You probably took a few years of a foreign language in high school and college, but did you stick with it after graduation? Learning a foreign language isn’t just something you should do in order to be culturally educated – it can also directly impact your future earning potential.
The Foreign Language Pay Off
What’s the point of learning another language? When you really dig down and attempt to understand the value of learning a second language, it’s clear that everyone has unique motives. Some people want to learn a new language simply to challenge themselves. Others are interested in traveling and want to be able to communicate. Some people end up dating someone with a different nationality and want the ability to speak with them in their native language.
The reasons for learning a foreign language are many. But did you know there might also be financial reasons for learning a second language? Yes, doing so can pay off in dollars and cents.
There are obviously many different factors in play when it comes to how profitable learning a second language can be. For example, the language you’re learning, how proficient you are, and the industry in which you work all play a role.
According to one detailed analysis, speaking multiple languages increases a person’s average salary by two percent annually. And while that may not seem like a lot, the return on investment over many years is much higher.
“Even taking the 2% salary bump at face value, when you compound that interest (assuming the $45,000 average starting salary of a university grad, 1% salary increase per year and 2% real return over 40 years) you’d end up with $67,000 extra by the time you retire,” author John-Erik Jordan says. “Of course, 2% is only an average. Speaking German was calculated to have a premium of 3.8% (that’s $128,000 for your retirement).”
The payoff is even higher, however, if you’re a foreign professional who is learning English as a second language. Not only are foreign students required to take The Test of English as a Foreign Language (TOEFL) before being admitted into American universities, but being able to speak fluent English allows individuals to return to their homeland and command higher salaries from companies that do international business.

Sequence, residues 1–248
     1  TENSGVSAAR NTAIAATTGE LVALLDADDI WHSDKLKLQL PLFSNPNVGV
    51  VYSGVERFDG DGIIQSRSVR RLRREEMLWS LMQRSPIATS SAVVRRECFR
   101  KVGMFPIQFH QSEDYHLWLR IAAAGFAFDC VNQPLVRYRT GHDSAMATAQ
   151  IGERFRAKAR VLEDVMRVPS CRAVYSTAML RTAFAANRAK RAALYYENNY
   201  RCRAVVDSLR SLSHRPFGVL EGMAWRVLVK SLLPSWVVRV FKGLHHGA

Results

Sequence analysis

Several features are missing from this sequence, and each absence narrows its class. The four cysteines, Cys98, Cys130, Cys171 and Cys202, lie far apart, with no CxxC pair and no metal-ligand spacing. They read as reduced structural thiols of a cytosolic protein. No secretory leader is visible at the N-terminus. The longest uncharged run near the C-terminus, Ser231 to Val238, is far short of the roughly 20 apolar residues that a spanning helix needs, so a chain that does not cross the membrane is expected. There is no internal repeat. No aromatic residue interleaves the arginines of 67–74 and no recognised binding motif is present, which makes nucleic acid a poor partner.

Even when working for a company that primarily does business domestically, speaking English comes in handy as the global economy grows. “Many companies that have been locally-oriented for decades, have recently become major global players,” one English language teacher explains. “English speaking employees in these companies are usually able to advance quickly in their new international divisions.”
High Returning Languages
Not every language is created equal. English is obviously the highest returning foreign language, but what other languages are worth learning (from a financial perspective)?
Somewhat surprisingly, German is one of the best. Germany is one of the three major European countries and is economically important in the context of the global marketplace. Being able to speak both English and German will allow you to enjoy opportunities that otherwise wouldn’t have been available to you.
French is another good choice. There are more than 200 million people on five different continents who speak the language. “Knowing how to speak French opens the doors to French companies in not only France, but other French-speaking parts of the world such as Canada, Switzerland, Belgium, and North and sub-Saharan Africa,” says entrepreneur Sean Kim. Other sound choices include Spanish, Mandarin, and Arabic.
Learn a Second Language
While there are many reasons to learn a foreign language, don’t forget about the financial rewards. There are wonderful career benefits to adding a second tongue and you should look into the possibility sooner rather than later.